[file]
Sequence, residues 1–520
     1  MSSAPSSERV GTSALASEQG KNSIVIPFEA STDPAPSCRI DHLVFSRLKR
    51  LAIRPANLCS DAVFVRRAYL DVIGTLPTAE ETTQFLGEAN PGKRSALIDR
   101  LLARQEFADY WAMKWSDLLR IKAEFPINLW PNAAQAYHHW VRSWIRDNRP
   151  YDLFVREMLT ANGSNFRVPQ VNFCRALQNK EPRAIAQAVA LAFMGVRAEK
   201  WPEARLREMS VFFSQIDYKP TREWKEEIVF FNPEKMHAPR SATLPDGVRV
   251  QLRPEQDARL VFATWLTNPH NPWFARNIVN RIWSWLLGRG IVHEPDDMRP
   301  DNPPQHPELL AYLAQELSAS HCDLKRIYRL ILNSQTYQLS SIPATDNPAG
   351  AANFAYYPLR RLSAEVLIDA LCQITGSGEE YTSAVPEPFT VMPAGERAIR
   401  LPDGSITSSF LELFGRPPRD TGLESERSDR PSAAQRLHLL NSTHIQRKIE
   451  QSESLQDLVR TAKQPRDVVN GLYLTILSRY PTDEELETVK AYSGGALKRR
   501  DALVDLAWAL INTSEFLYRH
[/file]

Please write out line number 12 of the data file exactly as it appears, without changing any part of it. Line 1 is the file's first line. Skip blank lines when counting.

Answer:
   501  DALVDLAWAL INTSEFLYRH